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David Janowski vs Akiba Rubinstein
Prague (1908), Prague AUH, rd 8, May-27
Rubinstein Opening: Bogoljubow Defense (D05)  ·  1-0

ANALYSIS [x]

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Kibitzer's Corner
Sep-09-04
Premium Chessgames Member
  Chessical: Janowsky unleashes havoc against Rubinstein's K-side after his opponent plays the weakening <39...gxh6>. The misfortune of the B on f6, and Janowsky placing his Q between his opponent's Q and R make this a delightfully destructive combination.

<42...Rg7> 43.Bxf6 Qxf6 44.Rxf6 Rxg4+ 45.Kf2 also loses but the game continuation is the most attractive mode of play.

Nov-26-07  Karpova: This game is from the International tournament in Prague (round 8) and won the second brilliancy prize.
Nov-28-08  Ulhumbrus: After 16...f5 it is not obvious that it is easier for White to start an attack on the King side by playing g4 than it is easy for Black to start a King side attack by playing ....g5. The reason for this is that the e4 pawn blocks the long diagonal for Black's QB whereas White's QB can be uncovered on the long diagonal by d5. This makes the move ...g5 more dangerous for Black than the move g4 is dangerous for White. Janowski does manage to arrange the pawn advance 25 g4 whereas Rubinstein does not manage to arrange the advance ...g5, and Janowski goes on from there to win.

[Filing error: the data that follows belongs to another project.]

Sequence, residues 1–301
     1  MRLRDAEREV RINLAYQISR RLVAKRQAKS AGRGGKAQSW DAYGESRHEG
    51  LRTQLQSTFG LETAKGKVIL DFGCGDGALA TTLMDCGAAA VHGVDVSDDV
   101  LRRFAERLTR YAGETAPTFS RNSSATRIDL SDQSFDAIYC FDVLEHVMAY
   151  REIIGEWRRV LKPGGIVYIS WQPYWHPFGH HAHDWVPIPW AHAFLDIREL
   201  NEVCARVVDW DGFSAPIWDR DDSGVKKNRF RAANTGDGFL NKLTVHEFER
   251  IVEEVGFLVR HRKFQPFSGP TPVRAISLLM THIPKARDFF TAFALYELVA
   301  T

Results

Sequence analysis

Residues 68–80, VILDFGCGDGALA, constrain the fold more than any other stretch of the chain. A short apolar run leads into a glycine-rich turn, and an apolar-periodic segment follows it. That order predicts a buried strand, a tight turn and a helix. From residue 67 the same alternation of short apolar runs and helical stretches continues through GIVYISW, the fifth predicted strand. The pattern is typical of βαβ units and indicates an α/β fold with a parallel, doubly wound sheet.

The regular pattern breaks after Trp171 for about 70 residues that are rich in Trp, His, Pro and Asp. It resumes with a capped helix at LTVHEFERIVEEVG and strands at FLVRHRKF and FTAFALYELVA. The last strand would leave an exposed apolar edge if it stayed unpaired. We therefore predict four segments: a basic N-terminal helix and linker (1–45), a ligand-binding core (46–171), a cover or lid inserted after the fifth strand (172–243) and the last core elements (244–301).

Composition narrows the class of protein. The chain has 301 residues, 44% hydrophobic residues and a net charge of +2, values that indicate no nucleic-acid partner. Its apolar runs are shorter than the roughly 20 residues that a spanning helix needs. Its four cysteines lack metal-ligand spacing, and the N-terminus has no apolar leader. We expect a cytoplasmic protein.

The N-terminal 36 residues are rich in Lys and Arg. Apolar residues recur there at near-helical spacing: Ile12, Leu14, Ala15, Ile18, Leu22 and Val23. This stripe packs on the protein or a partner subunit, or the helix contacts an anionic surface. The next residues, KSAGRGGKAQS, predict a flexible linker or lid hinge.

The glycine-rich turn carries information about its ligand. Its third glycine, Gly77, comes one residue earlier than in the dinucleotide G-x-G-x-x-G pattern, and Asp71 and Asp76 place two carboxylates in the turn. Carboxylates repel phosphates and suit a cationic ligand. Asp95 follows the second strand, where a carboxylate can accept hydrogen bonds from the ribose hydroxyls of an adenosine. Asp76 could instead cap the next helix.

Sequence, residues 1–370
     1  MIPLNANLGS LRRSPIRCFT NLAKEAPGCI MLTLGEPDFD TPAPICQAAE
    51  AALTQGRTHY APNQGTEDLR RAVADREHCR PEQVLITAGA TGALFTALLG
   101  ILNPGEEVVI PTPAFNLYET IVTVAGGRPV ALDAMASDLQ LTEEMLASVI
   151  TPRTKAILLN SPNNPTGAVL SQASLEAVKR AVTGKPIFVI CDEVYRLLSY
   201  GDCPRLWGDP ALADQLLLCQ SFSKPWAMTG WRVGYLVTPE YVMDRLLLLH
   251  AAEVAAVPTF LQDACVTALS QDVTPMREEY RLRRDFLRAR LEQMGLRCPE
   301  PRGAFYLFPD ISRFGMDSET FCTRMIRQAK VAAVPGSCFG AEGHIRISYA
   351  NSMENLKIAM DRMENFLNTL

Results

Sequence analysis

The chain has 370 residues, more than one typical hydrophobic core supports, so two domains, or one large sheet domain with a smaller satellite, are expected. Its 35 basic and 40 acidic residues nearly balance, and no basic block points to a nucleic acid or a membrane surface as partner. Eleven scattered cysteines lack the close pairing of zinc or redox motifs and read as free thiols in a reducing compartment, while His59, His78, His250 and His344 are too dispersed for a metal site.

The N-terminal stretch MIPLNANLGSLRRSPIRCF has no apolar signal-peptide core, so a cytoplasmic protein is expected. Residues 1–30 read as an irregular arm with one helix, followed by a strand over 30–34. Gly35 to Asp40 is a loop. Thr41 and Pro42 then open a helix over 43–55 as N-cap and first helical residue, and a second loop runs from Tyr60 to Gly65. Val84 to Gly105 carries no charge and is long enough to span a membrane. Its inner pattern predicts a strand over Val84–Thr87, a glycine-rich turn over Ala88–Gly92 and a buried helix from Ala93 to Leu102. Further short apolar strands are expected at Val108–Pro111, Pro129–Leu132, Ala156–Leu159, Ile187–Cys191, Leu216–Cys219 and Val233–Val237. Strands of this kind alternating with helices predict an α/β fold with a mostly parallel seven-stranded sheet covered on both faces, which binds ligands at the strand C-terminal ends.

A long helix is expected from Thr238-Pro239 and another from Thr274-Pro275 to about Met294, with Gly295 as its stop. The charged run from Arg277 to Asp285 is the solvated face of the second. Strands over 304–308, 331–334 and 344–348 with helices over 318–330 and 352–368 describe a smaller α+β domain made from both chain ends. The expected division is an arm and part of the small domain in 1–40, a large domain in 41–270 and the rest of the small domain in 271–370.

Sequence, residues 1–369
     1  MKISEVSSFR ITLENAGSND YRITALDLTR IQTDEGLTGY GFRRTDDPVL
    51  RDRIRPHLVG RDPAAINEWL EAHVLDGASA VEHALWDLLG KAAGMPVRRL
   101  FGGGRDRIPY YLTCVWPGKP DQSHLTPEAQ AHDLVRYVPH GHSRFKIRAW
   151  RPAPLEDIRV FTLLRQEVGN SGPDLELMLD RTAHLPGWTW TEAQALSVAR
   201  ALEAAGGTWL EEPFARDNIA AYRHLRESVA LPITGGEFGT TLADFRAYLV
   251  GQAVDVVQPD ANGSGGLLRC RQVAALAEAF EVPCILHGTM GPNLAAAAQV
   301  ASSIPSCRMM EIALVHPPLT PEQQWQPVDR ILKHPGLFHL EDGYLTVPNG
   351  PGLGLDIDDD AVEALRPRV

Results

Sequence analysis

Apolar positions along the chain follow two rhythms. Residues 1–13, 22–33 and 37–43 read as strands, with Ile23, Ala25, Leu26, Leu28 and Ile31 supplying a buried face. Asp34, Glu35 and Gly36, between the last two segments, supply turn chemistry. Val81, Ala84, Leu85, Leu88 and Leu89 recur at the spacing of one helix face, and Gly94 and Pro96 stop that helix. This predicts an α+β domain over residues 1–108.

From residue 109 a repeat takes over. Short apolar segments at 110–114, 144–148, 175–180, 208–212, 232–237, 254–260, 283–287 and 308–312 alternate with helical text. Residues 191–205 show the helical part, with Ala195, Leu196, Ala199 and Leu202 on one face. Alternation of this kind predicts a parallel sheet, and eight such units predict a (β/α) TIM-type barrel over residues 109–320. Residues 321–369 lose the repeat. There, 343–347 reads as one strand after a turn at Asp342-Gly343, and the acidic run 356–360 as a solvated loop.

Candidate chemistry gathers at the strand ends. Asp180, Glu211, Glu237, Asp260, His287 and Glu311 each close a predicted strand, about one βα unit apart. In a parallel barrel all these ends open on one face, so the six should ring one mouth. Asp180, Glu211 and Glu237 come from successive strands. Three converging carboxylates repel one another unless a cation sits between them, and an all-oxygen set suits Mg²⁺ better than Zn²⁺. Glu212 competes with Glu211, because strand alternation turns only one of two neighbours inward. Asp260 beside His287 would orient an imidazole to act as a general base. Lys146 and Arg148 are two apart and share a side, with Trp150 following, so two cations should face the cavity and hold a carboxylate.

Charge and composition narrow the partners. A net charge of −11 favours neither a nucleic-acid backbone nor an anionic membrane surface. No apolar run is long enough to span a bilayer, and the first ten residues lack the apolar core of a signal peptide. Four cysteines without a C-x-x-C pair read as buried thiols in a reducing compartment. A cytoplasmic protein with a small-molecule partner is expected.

May-22-19
Premium Chessgames Member
  zydeco: A key point is that 34....Bxd4 loses to 35.Bxd4 Qxd4 36.Be6+! Kh8 37.Rf8+
Oct-26-20
Premium Chessgames Member
  tamar: Rubinstein has the idea of e5, but plays it on move 32 when White's initiative on the K side is too great.

27...e5 is sharp, but seems to work.

28 dxe5 is no good after 28...Rxd1+ 29 Bxd1 Qd8 when White is helpless against Qd1 so that leaves

28 fxe5 f4 29 Bc1 h6 30 Kh2 Bg5 31 d5 f3 32 Bxf3 Bxc1 33 Rxc1 Qf4+ 34 Qg3 Qxc1 35 Bxe4

Black has an extra rook, but the pawns look dangerous.

SF finds the best win here with 35...b5! 36 axb5 a4 37 bxa4 Qxc4 an echo of the original breakthrough .

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